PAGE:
3 Ways SEO Professionals Use Content Distribution as Part of Their Organic Search Strategy
Content Distribution is the act of promoting content in one or all of the following ways:
- Earned Content Distribution: This is when third-parties share or publish your content through social media, guest posts, media coverage or product reviews.
- Owned Content Distribution: This includes publishing content to web properties that belong to you, like your blog, email newsletter, or social media profiles.
- Paid Content Distribution: As the name implies, this is through paid channels, often using a pay-per-click advertising model.
Here’s a handy diagram from the great content marketers over at Buffer that visualizes this concept quite nicely:
In many ways, content distribution has become the new “link building”. While the inbound link still drives Google’s algorithm, the blending of social and semantic signals has made the quest for page one rankings vastly more complex and difficult to game with traditional link building tactics.
The one thing that remains constant is the need for content promotion. Ranking your content in the SERPs for high volume competitive keywords is nearly impossible without a solid content distribution strategy.
Here are 3 content distribution tactics SEO professionals use to climb the elusive Google ranks:
1. Build Co-Occurrence and Co-Citation Relevance with Earned Media Content Distribution
The importance of high authority relevant third-parties publishing content about you or your publishing on these sites yourself is taken to a new level when you consider how Google’s algorithms work even when the site does NOT link to you with a hyperlink.
The two concepts that drive this part of Google’s algorithm are called co-occurrence and co-citation.
- Co-occurrence – Co-occurence is the presence, frequency, and proximity of similar keywords across various websites. This includes keywords that are topically related, but not exactly the same.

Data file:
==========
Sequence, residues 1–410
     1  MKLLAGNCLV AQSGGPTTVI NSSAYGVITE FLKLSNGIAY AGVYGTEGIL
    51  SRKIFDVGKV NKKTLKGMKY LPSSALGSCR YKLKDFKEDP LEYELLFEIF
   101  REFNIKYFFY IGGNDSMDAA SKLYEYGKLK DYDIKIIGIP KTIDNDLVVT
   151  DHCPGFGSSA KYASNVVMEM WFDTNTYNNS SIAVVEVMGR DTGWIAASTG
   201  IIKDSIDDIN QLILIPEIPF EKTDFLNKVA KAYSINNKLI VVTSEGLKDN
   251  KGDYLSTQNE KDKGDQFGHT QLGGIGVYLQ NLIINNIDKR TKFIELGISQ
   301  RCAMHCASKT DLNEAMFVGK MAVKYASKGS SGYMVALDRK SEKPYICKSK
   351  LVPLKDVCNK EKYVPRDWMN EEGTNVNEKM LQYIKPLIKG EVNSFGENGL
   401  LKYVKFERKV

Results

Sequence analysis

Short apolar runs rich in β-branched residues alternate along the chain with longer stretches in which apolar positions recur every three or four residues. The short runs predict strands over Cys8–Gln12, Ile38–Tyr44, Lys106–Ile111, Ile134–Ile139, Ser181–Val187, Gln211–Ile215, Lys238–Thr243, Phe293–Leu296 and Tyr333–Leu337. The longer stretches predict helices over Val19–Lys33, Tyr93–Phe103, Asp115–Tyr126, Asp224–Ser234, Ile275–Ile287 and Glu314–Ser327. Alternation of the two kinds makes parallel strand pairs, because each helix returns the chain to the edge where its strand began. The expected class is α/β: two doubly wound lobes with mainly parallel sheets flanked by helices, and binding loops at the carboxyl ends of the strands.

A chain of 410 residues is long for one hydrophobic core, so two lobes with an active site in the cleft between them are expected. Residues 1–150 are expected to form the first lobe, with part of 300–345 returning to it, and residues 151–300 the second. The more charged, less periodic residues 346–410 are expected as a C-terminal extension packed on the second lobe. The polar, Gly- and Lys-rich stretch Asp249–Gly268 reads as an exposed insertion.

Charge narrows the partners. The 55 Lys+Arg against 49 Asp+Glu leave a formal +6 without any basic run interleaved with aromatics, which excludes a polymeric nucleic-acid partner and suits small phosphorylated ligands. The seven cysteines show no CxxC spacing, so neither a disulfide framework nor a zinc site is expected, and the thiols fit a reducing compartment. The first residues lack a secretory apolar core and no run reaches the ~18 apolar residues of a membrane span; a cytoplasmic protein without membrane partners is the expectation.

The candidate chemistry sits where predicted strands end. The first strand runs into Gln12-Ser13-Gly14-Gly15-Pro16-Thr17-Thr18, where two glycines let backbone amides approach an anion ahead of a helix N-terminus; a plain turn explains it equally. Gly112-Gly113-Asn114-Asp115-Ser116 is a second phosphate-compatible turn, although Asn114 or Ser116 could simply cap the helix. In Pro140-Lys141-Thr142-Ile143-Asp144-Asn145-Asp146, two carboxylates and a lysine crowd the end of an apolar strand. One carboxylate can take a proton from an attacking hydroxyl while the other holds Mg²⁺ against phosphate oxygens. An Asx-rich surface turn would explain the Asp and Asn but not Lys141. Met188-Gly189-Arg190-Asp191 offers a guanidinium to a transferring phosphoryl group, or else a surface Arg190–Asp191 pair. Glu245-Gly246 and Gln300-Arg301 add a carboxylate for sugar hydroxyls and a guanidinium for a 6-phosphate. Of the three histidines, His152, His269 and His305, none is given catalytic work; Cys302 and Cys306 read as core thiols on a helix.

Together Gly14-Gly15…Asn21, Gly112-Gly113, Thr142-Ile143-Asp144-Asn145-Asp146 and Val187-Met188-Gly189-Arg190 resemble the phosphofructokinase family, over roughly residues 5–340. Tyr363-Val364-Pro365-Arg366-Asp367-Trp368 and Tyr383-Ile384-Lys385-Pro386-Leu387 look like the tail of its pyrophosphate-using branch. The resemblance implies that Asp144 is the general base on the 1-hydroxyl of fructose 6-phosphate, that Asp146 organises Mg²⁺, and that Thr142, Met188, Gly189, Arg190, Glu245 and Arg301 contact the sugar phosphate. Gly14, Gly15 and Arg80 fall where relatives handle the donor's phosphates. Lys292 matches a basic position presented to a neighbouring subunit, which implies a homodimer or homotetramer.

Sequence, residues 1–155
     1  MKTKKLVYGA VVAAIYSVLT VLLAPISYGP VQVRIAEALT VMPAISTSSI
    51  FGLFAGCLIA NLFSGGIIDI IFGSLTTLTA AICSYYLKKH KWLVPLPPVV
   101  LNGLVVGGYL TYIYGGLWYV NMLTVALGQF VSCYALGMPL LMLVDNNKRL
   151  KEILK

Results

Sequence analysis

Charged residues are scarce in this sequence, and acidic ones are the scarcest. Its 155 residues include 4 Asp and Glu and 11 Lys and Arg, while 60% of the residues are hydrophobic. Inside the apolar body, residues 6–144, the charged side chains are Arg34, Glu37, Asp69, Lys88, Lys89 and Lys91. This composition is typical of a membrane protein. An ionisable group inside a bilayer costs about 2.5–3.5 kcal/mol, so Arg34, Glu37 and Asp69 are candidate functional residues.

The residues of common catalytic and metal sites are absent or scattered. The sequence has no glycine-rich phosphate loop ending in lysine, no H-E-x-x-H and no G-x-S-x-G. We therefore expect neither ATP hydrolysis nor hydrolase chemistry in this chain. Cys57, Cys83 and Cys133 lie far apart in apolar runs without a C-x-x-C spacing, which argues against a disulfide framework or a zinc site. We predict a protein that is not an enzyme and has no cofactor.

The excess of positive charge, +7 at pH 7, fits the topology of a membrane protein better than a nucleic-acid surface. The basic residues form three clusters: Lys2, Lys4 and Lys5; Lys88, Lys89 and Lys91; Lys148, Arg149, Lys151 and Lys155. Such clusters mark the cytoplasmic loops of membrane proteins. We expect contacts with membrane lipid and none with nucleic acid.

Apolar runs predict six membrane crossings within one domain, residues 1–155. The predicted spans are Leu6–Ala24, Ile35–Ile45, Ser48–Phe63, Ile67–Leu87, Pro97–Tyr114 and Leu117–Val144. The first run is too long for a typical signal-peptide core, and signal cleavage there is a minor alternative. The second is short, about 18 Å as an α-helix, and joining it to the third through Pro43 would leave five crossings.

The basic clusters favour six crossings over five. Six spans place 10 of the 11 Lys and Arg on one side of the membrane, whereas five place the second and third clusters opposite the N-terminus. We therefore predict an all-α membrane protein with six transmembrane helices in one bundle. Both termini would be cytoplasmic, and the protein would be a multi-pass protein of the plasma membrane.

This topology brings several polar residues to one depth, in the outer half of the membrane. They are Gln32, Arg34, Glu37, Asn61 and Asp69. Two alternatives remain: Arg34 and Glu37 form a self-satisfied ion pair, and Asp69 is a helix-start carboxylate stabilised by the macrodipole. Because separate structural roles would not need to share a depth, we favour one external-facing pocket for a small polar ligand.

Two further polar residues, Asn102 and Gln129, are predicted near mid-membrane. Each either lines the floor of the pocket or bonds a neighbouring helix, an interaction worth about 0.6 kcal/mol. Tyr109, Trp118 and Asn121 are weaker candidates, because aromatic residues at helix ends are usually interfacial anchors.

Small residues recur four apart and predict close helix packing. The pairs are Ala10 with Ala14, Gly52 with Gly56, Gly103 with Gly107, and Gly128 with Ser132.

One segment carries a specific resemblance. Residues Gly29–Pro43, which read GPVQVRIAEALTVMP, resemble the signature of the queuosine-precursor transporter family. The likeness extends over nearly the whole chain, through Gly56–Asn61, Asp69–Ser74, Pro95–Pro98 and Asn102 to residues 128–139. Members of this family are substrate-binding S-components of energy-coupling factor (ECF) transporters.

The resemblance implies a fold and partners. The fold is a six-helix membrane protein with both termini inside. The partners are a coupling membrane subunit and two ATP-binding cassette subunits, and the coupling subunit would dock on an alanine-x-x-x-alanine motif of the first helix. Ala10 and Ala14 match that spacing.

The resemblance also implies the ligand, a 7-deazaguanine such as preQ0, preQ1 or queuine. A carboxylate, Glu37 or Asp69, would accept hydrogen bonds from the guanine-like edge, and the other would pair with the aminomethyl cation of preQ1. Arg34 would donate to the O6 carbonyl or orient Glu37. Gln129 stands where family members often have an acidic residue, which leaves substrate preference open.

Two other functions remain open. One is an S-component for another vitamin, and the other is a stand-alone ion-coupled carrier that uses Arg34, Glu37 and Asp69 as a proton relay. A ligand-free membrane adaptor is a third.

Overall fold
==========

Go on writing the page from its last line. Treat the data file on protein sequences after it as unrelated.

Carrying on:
- Co-citation – Co-citation is when one website or brand is mentioned (not linked) by two different sources.
Here’s a nice diagrams from Jayson DeMers, Founder and CEO of AudienceBloom, that explains the concept of co-citation:
Co-occurence and co-citation basically emphasize the importance of obtaining earned media on authority publications and from social influencers that are relevant to the niche of your target keywords. For example, if you’re a marketing SaaS company, guest posting on MarketingLand where related marketing concepts and brands are discussed it’s probably going to help with your marketing keyword rankings more than a general business website like Inc.com.
Because Outbrain is mentioned so frequently in the context of “websites,” we were able to rank #1 on Google for the keyphrase “how to make your website look professional”, without doing any link building at all. As you can see below Google likes the content so much they’ve decided to include a snippet of its contents in the Knowledge Graph box.
Even if you don’t get linked to directly, earning brand mentions on authority sites is still important for your search rankings.
2. Kickstart Social Shares with Paid Media
“There’s a snowball effect that happens when you can get your content in front of the right eyes right away, just after it publishes.” -Larry Kim, Founder and CTO of Wordstream – Using PPC Marketing to Make Content Go Viral